Cady Clay Works

Pots of Quality - Since 1987


John Mellage

Potter John MellageI was an engineering student taking a semester's break from college when I visited some friends taking a pottery class. They seemed to be having so much fun that I decided to try clay too and felt an instant rapport with it. I completed that class at Montgomery Technical Institute in Troy, North Carolina, then returned to UNC-Greensboro and changed my major to Ceramic Design. After graduation I worked as a production potter for three different potteries before establishing my own studio, Eno River Pottery, and later opening Cady Clay Works in Westmoore, North Carolina with my wife Beth.

I can still remember the feeling of satisfaction I had when I got my first job making pots and felt I could really call myself a potter. I still enjoy making production pots as much as one of a kind pieces. I believe a potter has an obligation to the person who will ultimately use his pots; to create a piece that is technically sound, suited to its intended use, and gracefully balanced. A piece that adds meaning to an everyday activity through its use or its visual presence.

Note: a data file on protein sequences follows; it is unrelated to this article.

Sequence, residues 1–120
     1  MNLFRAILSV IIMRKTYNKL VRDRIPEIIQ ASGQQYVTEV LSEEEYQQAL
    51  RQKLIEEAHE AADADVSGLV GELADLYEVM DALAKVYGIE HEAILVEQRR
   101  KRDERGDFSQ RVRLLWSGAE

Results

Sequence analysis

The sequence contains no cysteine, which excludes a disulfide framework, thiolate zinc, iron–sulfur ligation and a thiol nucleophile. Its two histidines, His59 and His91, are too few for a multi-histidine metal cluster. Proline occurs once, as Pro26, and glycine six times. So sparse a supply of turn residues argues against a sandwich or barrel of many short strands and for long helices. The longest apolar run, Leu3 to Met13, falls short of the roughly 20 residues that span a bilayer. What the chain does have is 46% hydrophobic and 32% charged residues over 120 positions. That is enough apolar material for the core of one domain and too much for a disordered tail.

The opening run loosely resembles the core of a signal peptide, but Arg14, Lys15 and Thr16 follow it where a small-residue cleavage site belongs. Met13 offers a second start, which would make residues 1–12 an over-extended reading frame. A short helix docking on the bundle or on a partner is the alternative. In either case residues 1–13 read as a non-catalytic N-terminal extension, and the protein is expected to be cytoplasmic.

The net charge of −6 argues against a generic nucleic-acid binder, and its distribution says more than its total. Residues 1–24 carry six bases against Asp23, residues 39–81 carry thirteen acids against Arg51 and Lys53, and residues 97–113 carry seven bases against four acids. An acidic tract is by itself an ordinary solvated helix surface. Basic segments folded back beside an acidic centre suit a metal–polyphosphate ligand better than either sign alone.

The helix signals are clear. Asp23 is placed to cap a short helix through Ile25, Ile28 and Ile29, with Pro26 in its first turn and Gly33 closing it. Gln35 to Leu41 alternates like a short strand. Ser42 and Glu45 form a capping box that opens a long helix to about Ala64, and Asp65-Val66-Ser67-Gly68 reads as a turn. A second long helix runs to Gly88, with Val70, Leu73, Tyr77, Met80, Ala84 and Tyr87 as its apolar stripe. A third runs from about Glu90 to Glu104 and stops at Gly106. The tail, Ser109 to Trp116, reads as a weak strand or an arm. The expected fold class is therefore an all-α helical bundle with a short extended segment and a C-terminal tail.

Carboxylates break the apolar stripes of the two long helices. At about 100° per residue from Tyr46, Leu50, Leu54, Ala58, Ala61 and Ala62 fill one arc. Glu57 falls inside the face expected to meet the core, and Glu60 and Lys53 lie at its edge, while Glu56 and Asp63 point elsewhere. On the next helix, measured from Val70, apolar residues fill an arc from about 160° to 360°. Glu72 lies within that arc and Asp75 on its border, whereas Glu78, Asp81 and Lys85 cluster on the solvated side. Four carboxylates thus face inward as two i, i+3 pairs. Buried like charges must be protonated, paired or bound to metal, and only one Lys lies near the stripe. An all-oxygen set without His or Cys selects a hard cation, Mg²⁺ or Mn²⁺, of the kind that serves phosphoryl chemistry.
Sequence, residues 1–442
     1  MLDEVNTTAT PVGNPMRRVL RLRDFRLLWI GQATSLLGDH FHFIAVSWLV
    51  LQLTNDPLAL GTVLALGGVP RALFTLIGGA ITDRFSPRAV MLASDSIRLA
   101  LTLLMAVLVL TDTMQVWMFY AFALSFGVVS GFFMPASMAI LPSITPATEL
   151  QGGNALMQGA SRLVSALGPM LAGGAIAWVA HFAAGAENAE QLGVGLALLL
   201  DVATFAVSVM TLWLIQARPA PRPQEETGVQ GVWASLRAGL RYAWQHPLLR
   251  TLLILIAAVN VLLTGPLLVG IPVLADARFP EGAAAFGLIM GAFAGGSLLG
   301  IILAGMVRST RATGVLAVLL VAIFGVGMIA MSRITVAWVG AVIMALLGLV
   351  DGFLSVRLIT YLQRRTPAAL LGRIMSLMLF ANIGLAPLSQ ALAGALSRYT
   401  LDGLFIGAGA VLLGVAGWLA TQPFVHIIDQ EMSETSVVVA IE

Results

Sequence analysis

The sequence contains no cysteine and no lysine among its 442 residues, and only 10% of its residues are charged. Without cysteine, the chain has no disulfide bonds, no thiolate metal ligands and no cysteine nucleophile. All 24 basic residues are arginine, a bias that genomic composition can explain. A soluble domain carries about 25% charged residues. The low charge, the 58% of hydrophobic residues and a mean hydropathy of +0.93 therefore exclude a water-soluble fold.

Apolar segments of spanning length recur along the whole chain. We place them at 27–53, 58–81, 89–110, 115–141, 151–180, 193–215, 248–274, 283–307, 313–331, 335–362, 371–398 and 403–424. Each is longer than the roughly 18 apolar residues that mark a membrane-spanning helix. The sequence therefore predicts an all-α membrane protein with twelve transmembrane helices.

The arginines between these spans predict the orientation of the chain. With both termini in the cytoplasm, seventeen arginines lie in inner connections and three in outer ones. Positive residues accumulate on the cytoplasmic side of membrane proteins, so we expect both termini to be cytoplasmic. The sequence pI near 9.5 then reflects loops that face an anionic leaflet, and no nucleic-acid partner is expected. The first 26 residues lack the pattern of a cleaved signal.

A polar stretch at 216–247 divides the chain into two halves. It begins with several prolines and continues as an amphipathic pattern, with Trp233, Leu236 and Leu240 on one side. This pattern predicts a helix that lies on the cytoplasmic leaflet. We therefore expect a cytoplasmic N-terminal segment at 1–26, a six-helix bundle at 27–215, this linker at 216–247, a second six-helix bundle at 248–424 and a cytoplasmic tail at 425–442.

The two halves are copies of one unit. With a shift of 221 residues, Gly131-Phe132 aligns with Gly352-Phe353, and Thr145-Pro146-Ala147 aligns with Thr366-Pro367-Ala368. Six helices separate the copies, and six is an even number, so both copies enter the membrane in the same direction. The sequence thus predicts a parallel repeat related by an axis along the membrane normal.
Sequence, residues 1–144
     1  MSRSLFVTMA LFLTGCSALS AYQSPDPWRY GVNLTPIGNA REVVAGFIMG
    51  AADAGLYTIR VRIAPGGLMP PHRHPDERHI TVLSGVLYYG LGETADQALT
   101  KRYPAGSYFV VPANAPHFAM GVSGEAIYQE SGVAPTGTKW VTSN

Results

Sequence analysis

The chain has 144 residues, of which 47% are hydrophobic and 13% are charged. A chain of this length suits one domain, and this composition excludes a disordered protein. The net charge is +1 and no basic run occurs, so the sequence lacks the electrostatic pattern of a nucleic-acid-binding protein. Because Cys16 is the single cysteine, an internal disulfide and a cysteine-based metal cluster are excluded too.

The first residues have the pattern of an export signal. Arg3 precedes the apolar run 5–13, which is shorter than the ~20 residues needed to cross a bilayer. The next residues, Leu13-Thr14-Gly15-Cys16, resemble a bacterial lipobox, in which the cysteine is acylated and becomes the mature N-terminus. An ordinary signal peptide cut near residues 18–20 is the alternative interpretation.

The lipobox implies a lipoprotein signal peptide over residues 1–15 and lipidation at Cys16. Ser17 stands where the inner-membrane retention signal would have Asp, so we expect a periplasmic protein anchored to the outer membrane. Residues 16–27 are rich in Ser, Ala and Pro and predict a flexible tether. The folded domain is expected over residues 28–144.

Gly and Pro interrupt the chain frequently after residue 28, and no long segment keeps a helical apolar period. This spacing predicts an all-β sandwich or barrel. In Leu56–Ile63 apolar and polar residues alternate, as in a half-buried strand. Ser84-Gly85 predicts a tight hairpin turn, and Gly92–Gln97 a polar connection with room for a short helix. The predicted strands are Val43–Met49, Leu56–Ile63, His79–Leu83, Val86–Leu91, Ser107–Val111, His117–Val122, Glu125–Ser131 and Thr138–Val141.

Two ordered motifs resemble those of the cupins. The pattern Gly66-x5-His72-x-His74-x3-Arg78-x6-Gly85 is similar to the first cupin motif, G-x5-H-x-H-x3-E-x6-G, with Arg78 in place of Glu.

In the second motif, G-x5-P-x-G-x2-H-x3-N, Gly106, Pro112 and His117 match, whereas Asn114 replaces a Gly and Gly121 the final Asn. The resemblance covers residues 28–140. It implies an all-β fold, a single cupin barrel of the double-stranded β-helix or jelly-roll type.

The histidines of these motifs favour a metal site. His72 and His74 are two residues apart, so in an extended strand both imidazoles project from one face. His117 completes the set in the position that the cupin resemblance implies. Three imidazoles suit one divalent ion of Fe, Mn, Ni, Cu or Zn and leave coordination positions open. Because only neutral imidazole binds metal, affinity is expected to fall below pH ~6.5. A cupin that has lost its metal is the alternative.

Beth Gore

Potter Beth GoreI've had some kind of art project in the works since the day I was old enough to grip my first crayon. After graduating from the University of Wisconsin-Whitewater with a degree in Art Education, I taught elementary school art and then went to work as a decorator at a large pottery. The owner asked me to help with the books due to my experience in various office jobs during college, and the business grew so fast I never got out of the office. Wanting to get back to the creative process, I moved to North Carolina in 1987 to open Cady Clay Works with my husband John.

After spending several years on the "fringes" of the creative process; teaching children, doing potter bookwork, and glazing pieces thrown by my husband, I am making time to handbuild with clay, which I have always loved. I like the organic, asymmetrical, often serendipitous forms that start with a simple slab of clay. The cool feel of clay in one's hands and the joy of manipulating it toward the idea in one's mind is restful and threapeutic, and the idea that a creation of mine may be on earth long after I'm gone seems like a magical connection to the future.